• MAX_THREADS_PER_QUERY = <POSITIVE_INT_VALUE> Redefines max_threads_per_query in the runtime. As global it changes behaviour for all sessions. Value 0 means 'no limit'. If both per-session and the global variables are set, the per-session one has a higher priority.
  • NET_WAIT = {-1 | 0 | POSITIVE_INT_VALUE} Changes the net_wait_tm searchd settings value.
  • cpustats= {1|0} Turns on/off cpu time tracking.
  • coredump= {1|0} Tunes on/off saving a core file or a minidump of the server on crash. More details here.

Examples:

mysql> SET autocommit=0;
Query OK, 0 rows affected (0.00 sec)

mysql> SET GLOBAL query_log_format=sphinxql;
Query OK, 0 rows affected (0.00 sec)

▪️ Extensions

SphinxSE

SphinxSE is a MySQL storage engine which can be compiled into MySQL/MariaDB server using its pluggable architecture.

Despite the name, SphinxSE does not actually store any data itself. It is actually a built-in client which allows MySQL server to talk to searchd, run search queries, and obtain search results. All indexing and searching happen outside MySQL.

Obvious SphinxSE applications include:

  • easier porting of MySQL FTS applications to Manticore;
  • allowing Manticore use with programming languages for which native APIs are not available yet;
  • optimizations when additional Manticore result set processing on MySQL side is required (eg. JOINs with original document tables, additional MySQL-side filtering, etc).

Installing SphinxSE

You will need to obtain a copy of MySQL sources, prepare those, and then recompile MySQL binary. MySQL sources (mysql-5.x.yy.tar.gz) could be obtained from http://dev.mysql.com Web site.

Compiling MySQL 5.0.x with SphinxSE

  1. copy sphinx.5.0.yy.diff patch file into MySQL sources directory and run
    $ patch -p1 < sphinx.5.0.yy.diff

    If there's no .diff file exactly for the specific version you need to: build, try applying .diff with closest version numbers. It is important that the patch should apply with no rejects.

  2. in MySQL sources directory, run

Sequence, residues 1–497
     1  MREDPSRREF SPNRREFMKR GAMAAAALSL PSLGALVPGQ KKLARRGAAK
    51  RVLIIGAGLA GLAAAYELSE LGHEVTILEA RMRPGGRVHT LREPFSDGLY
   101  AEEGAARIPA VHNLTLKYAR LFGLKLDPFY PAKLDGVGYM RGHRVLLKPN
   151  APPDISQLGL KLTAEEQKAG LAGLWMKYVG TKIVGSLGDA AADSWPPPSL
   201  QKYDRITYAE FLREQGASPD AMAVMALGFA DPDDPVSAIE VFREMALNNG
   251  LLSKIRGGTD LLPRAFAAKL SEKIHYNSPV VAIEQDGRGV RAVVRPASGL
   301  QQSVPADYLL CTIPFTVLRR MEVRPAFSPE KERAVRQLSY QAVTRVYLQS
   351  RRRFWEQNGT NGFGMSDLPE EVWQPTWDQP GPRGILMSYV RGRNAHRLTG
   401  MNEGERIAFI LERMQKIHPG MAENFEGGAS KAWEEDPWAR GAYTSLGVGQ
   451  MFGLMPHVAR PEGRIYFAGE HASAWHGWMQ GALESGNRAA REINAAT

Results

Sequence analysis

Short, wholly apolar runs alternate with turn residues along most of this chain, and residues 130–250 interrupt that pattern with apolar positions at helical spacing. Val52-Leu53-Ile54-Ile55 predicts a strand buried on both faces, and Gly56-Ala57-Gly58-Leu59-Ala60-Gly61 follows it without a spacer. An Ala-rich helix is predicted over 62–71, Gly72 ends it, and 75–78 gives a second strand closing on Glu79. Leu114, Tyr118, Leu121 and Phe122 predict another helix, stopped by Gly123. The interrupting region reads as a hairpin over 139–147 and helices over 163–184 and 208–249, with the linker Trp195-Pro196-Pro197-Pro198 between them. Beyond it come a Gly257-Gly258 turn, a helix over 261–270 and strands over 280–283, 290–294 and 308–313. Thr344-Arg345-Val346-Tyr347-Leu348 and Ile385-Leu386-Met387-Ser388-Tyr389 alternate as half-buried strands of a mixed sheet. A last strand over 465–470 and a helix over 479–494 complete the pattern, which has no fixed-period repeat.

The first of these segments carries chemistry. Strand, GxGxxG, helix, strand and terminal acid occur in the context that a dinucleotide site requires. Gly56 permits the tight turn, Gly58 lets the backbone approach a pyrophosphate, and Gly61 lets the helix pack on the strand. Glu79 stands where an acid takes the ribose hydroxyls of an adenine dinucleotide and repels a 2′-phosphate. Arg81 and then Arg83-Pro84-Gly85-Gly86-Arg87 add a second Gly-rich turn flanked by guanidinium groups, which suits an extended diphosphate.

$ sh BUILD/autorun.sh
  3. in MySQL sources directory, create sql/sphinx directory in and copy all files in mysqlse directory from Manticore sources there. Example:
    $ cp -R /root/builds/sphinx-0.9.7/mysqlse /root/builds/mysql-5.0.24/sql/sphinx
  4. configure MySQL and enable the new engine:
    $ ./configure --with-sphinx-storage-engine
  5. build and install MySQL:
    $ make
    $ make install

Compiling MySQL 5.1.x with SphinxSE

  1. in MySQL sources directory, create storage/sphinx directory in and copy all files in mysqlse directory from Manticore sources there. Example:
    $ cp -R /root/builds/sphinx-0.9.7/mysqlse /root/builds/mysql-5.1.14/storage/sphinx
  2. in MySQL sources directory, run
    $ sh BUILD/autorun.sh
  3. configure MySQL and enable Manticore engine:
    $ ./configure --with-plugins=sphinx
  4. build and install MySQL:
    $ make
    $ make install

Checking SphinxSE installation

To check whether SphinxSE has been successfully compiled into MySQL, launch newly built servers, run mysql client and issue SHOW ENGINES query. You should see a list of all available engines. Manticore should be present and "Support" column should contain "YES":

sql
📋
mysql> show engines;
Response
+------------+----------+-------------------------------------------------------------+
| Engine     | Support  | Comment                                                     |
+------------+----------+-------------------------------------------------------------+
| MyISAM     | DEFAULT  | Default engine as of MySQL 3.23 with great performance      |
  ...
| SPHINX     | YES      | Manticore storage engine                                       |
  ...
+------------+----------+-------------------------------------------------------------+
13 rows in set (0.00 sec)

Using SphinxSE

To search via SphinxSE, you would need to create special ENGINE=SPHINX "search table", and then SELECT from it with full text query put into WHERE clause for query column.

Let's begin with an example create statement and search query:

CREATE TABLE t1
(
    id          INTEGER UNSIGNED NOT NULL,
    weight      INTEGER NOT NULL,
    query       VARCHAR(3072) NOT NULL,
    group_id    INTEGER,
    INDEX(query)
) ENGINE=SPHINX CONNECTION="sphinx://localhost:9312/test";

SELECT * FROM t1 WHERE query='test it;mode=any';

First 3 columns of search table must have a types of INTEGER UNSINGED or BIGINT for the 1st column (document id), INTEGER or BIGINT for the 2nd column (match weight), and VARCHAR or TEXT for the 3rd column (your query), respectively. This mapping is fixed; you can not omit any of these three required columns, or move them around, or change types. Also, query column must be indexed; all the others must be kept unindexed. Column names are ignored so you can use arbitrary ones.

Additional columns must be either INTEGER, TIMESTAMP, BIGINT, VARCHAR, or FLOAT. They will be bound to attributes provided in Manticore result set by name, so their names must match attribute names specified in sphinx.conf. If there's no such attribute name in Manticore search results, column will have NULL values.

Special "virtual" attributes names can also be bound to SphinxSE columns. _sph_ needs to be used instead of @ for that. For instance, to obtain the values of @groupby, @count, or @distinct virtualattributes, use _sph_groupby, _sph_count or _sph_distinct column names, respectively.